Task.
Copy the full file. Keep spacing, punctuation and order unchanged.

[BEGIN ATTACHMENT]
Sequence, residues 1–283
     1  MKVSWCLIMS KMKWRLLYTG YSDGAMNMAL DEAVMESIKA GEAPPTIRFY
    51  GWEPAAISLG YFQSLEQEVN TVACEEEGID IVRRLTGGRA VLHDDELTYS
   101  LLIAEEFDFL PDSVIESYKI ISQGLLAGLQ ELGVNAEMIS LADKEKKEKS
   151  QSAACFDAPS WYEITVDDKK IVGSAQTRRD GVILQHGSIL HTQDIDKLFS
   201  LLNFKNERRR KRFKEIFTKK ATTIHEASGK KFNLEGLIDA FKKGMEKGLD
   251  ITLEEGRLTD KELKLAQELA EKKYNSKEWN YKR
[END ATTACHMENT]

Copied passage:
Sequence, residues 1–283
     1  MKVSWCLIMS KMKWRLLYTG YSDGAMNMAL DEAVMESIKA GEAPPTIRFY
    51  GWEPAAISLG YFQSLEQEVN TVACEEEGID IVRRLTGGRA VLHDDELTYS
   101  LLIAEEFDFL PDSVIESYKI ISQGLLAGLQ ELGVNAEMIS LADKEKKEKS
   151  QSAACFDAPS WYEITVDDKK IVGSAQTRRD GVILQHGSIL HTQDIDKLFS
   201  LLNFKNERRR KRFKEIFTKK ATTIHEASGK KFNLEGLIDA FKKGMEKGLD
   251  ITLEEGRLTD KELKLAQELA EKKYNSKEWN YKR